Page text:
The USDA National Agricultural Statistics Service recently released their 2018 Land Values Summary. The Mountain Region, which includes Arizona, Colorado, Idaho, Montana, Nevada, New Mexico, Utah, and Wyoming, experienced a 0.9 percent increase in value from 2017.
The Upper Colorado River Commission System Conservation Pilot Program (SCPP) will be put on hold after this year. The program has funded 45 fallowing efforts at an average cost of $205 / acre-foot of conserved consumptive use in the first three years. In 2018, ranchers and famers in the upper basin will receive $3.9 million in payments through the program.
The Upper Colorado River Commission (UCRC) has issued a Request for Proposals to invite users of the Colorado River System water in Colorado, New Mexico, Utah, and Wyoming to submit proposals for Pilot Program water conservation projects. Projects are meant to test methods for saving water that could be part of a drought contingency plan in the Upper Basin of the Colorado River.
Nationwide, farm real estate values average $3,080 per acre in 2017, up $70 an acre or 2.3 % from 2016. The Mountain region has the lowest farm real estate value at $1,130 per acre. The value of cropland in the same region increased 1.1% year-over-year to $1,780 and pasture land values rose 1.3% to $625 per acre in 2017.
The USDA NRCS has awarded more than $22.6 million to drive innovation in conservation this year. Nationwide in 2017, 33 projects are receiving funding through the Conservation Innovation Grant program. There were a handful of innovative programs funded that are geared to the American West including several conservation finance projects.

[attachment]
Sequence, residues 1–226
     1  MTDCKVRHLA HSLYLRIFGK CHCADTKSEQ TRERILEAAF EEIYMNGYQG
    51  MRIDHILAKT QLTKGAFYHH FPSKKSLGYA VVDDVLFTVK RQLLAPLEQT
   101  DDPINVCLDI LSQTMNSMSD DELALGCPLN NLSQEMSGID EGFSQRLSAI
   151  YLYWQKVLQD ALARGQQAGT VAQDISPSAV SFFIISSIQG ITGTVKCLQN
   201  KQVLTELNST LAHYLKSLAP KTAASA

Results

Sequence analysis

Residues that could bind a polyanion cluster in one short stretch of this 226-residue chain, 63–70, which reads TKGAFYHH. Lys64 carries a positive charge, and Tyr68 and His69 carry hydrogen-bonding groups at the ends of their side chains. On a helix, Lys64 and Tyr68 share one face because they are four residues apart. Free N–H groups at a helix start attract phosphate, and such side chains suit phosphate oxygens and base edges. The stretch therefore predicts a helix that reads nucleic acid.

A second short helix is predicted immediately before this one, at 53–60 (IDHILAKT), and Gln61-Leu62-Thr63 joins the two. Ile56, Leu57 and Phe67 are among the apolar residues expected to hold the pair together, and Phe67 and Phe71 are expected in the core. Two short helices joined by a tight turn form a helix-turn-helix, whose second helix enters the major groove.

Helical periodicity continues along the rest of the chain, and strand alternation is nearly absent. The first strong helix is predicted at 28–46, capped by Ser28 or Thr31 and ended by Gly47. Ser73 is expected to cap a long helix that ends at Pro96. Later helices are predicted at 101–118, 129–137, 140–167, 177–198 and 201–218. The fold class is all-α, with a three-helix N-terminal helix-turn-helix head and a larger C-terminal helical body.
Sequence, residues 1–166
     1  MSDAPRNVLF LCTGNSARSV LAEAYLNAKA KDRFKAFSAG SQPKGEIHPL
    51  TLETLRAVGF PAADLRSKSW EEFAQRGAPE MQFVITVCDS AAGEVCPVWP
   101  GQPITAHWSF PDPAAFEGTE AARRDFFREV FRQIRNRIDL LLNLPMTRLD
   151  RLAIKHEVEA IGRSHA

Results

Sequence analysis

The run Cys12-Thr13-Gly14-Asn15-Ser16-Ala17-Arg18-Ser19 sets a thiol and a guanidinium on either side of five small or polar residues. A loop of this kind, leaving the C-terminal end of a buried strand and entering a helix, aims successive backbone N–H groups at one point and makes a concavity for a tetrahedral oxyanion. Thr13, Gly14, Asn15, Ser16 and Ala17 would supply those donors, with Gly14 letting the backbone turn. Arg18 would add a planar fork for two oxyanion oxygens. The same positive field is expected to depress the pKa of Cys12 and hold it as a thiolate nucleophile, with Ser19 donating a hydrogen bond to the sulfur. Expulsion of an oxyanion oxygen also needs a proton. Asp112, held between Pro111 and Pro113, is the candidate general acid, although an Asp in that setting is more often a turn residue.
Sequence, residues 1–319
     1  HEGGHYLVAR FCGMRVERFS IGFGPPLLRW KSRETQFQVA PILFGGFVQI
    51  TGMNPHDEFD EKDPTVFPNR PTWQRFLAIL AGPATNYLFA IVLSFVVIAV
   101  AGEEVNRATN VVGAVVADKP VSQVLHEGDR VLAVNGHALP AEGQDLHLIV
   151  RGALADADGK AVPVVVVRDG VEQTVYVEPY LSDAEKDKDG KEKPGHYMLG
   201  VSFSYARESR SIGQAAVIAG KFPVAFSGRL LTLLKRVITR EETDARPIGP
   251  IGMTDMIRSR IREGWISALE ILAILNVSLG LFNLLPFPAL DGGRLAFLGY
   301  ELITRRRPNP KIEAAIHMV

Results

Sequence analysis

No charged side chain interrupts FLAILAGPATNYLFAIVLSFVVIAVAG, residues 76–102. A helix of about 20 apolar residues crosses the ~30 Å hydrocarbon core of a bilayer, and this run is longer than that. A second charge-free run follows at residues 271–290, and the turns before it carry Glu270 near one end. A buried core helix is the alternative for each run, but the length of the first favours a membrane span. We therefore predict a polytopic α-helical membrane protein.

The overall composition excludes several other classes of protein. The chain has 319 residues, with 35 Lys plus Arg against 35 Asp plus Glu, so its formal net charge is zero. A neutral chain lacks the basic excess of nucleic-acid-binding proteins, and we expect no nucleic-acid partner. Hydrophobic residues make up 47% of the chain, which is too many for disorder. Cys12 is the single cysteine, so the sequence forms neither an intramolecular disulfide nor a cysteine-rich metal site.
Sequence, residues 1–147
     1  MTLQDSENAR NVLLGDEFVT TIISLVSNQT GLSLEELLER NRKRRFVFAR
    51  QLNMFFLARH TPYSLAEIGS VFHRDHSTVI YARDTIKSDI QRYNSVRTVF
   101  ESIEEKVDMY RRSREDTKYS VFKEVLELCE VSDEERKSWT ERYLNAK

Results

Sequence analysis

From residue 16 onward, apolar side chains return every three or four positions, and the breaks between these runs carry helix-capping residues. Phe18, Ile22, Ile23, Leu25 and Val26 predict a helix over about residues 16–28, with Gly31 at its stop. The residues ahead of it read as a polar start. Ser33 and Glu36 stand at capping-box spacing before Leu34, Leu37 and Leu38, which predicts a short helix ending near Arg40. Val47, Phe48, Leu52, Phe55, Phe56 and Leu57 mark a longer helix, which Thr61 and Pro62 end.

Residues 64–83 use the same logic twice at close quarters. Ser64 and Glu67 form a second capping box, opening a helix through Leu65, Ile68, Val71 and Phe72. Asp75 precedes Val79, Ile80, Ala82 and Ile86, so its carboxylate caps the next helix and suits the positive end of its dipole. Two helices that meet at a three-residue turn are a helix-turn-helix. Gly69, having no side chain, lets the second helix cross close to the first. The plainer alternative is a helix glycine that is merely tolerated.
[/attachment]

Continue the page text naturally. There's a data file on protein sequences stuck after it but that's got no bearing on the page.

The large task of preserving heritage and conserving natural resources across the American West takes multi-faceted and concentrated efforts. The private sector serves as an important partner in the collective work to achieve the preservation and conservation outcomes in many individual communities and ecosystems. Though there are many businesses across the country that traditionally support these efforts, the beer industry in particular has continued to support restoration, preservation and conservation efforts in both interactive and innovative ways.
National agriculture industry consulting and CPA firm K-Coe Isom recently announced a new program aimed to help ranchers generate revenue from conservation projects while simultaneously reducing the rancher’s inherent risk of testing and implementing such projects. Funded by the USDA Natural Resource Conservation Service (NRCS), the program is specific to ranchers whose property is located in priority sage grouse habitat or crucial mule deer winter range or designated mule deer migration corridors within Montana, Colorado, Wyoming, Idaho, Utah, Nevada, or California.
Across much of the American West, primarily the southwest, overstocked and mismanaged forests are leading to poor tree growth, increased fire danger and increases in threads to overall forest health from insects and disease. Additionally, the proper management of these same forests has the ability to create positive impacts in local economies by providing jobs and goods for regional communities. This intersection of the issues of private land stewardship and bolstering sustainable economies fits squarely within the mission of The Western Landowners' Alliance (WLA).
We are so excited about our work that we just can't keep it to ourselves. Soon we will be featuring #inthefield photo posts revealing glimpses of the projects we are contributing to and featuring the inspiring places in which we work. Follow Topos & Anthros on Instagram to keep up with what we're doing #inthefield!